Merrimack Mut. Fire Ins. Co. v. Brennan

Annotate this Case

534 A.2d 353 (1987)


Supreme Judicial Court of Maine.

Argued November 4, 1987.

Decided December 3, 1987.

Richard D. Hewes (orally), Hewes, Douglas, Whiting & Quinn, Portland, for plaintiff.

*354 Edward J. Titcomb (orally), Waterhouse, Titcomb, Flaherty & Knight, Sanford, for defendants.


ROBERTS, Justice.

Merrimack Mutual Fire Insurance Company appeals from a judgment of the Superior Court, York County, declaring that Merrimack has a duty to defend Craig Brennan in an underlying personal injury suit. Merrimack expressly invites us to overrule Patrons-Oxford Mutual Ins. Co. v. Dodge, 426 A.2d 888 (Me.1981), on the ground of public policy. We are not persuaded that public policy is offended by our decision in Dodge. Merrimack also urges that the comparison test of Travelers Indemnity Co. v. Dingwell, 414 A.2d 220 (Me.1980), is inappropriate when the facts of an occurrence have been established at trial on the declaratory judgment action. We disagree.

The comparison test requires the presiding justice to compare the underlying damage complaint to the insurance policy and to determine if the complaint alleges an occurrence within the coverage of the policy. Travelers, 414 A.2d at 224. The comparison test is based "exclusively on the facts as alleged rather than on the facts as they actually are." American Policy Holders Ins. Co. v. Cumberland Cold Storage Co., 373 A.2d 247, 249 (Me. 1977) (citations omitted) (emphasis retained). Where there is "potential shown in the complaint that the facts ultimately proved may come within the coverage," the insurer has a duty to defend its insured. Dingwell, 414 A.2d at 226 (emphasis retained). See also United States Fidelity and Guarantee Co. v. Rosso, 521 A.2d 301, 303 (Me.1987); American Policyholders Ins. Co. v. Kyes, 483 A.2d 337, 339 (Me. 1984); American Home Assurance Co. v. Ingeneri, 479 A.2d 897, 898-99 (Me.1984); L. Ray Packing Co. v. Commercial Union Ins. Co., 469 A.2d 832, 833 (Me.1983); Marston v. Merchants Mutual Ins. Co., 319 A.2d 111, 114 (Me.1974).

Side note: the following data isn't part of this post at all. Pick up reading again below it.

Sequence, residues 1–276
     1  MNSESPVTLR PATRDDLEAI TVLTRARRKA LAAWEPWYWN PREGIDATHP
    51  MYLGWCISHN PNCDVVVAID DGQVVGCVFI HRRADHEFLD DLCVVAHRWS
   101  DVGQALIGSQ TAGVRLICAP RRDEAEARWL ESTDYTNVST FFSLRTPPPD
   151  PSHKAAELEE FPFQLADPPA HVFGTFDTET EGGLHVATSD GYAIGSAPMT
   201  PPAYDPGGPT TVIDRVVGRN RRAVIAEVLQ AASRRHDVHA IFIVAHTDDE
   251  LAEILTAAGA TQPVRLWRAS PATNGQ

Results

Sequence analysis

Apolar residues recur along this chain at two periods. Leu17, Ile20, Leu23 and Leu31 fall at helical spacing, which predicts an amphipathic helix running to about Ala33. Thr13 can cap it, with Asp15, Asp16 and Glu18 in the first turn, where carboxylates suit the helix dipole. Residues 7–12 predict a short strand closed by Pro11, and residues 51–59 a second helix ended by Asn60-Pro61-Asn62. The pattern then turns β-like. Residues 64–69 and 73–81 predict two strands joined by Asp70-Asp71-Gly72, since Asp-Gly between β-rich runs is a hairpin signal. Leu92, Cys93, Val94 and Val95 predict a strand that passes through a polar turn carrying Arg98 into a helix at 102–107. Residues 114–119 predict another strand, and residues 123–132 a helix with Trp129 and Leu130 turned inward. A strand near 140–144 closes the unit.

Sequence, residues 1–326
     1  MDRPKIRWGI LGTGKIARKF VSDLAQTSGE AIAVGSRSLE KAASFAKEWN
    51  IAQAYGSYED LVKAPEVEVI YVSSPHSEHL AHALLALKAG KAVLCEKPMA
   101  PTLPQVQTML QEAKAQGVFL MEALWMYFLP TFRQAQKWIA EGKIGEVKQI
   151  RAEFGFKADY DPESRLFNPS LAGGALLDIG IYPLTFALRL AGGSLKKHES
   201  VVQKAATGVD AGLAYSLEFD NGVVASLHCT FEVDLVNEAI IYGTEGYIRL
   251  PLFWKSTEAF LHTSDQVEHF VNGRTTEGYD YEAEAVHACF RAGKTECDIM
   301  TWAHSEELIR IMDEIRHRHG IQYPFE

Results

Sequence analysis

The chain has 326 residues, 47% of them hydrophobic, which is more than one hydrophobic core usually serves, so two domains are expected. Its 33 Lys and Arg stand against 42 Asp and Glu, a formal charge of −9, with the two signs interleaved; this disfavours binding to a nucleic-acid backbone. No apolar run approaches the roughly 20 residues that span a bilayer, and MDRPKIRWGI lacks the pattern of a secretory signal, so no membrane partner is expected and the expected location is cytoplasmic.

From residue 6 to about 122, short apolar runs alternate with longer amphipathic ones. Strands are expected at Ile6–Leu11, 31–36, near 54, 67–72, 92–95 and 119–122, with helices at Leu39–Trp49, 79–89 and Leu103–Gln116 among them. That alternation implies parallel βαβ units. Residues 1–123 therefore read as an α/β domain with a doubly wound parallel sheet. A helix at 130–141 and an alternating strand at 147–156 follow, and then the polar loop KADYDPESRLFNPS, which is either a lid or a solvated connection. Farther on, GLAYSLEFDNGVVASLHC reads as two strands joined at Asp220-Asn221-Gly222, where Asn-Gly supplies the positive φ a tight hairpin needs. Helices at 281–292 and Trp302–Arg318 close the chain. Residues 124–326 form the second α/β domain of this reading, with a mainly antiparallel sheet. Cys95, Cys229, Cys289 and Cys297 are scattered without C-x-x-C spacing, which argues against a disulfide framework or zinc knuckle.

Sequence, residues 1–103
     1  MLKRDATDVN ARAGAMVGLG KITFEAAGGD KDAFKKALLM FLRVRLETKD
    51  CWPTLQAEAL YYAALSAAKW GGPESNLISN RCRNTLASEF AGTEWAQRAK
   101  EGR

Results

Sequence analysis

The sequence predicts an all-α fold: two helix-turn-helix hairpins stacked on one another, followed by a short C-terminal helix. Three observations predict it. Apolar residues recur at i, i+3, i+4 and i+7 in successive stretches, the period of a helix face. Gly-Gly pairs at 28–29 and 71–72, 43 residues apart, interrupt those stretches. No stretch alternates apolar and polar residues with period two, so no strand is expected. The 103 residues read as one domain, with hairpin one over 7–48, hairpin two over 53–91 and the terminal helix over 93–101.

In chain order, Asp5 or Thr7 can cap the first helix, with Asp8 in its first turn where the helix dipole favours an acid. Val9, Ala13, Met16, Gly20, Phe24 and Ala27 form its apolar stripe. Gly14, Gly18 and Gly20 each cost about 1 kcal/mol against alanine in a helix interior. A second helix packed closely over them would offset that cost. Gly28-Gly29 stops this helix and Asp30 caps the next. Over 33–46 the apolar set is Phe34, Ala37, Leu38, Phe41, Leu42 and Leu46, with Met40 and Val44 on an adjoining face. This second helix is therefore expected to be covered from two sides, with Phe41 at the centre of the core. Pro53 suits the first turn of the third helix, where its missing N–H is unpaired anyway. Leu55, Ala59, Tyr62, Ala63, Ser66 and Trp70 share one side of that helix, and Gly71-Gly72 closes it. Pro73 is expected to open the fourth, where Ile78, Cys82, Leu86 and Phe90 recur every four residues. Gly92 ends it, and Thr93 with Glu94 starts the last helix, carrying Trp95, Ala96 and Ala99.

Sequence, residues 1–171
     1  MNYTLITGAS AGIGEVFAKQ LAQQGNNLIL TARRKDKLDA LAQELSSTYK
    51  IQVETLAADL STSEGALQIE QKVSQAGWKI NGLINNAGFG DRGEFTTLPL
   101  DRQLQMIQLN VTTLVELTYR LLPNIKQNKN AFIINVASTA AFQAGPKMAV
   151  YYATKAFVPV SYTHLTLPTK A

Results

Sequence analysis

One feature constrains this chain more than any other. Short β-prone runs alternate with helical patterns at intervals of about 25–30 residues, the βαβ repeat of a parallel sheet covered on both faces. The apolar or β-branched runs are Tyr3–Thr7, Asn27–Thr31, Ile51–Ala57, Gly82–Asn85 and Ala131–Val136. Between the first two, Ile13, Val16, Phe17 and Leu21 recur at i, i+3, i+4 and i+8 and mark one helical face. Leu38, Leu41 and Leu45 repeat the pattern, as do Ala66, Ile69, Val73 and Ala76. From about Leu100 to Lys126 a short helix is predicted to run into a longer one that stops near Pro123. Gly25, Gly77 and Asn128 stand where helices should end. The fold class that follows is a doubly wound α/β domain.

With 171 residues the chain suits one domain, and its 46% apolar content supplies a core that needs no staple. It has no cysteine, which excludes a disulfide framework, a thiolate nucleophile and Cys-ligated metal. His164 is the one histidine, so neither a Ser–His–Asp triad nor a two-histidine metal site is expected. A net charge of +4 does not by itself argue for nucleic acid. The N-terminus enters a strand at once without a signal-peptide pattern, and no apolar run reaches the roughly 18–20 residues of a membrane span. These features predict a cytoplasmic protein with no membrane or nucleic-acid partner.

We not only adhere to the principles decided in our earlier cases, but also take this occasion to remind bench and bar that in circumstances such as these no evidentiary hearing is necessary or desirable to determine whether the insurer has a duty to defend. We have always recognized that the application of the comparison test will occasionally require an insurer to defend when there may be no ultimate duty to indemnify. This is true because the duty to defend is broader than the duty to indemnify. Cumberland Cold Storage, 373 A.2d at 250. We are satisfied that the interests of justice and the conservation of scarce judicial resources support the course we have chosen.

The entry is:

Judgment affirmed.

All concurring.

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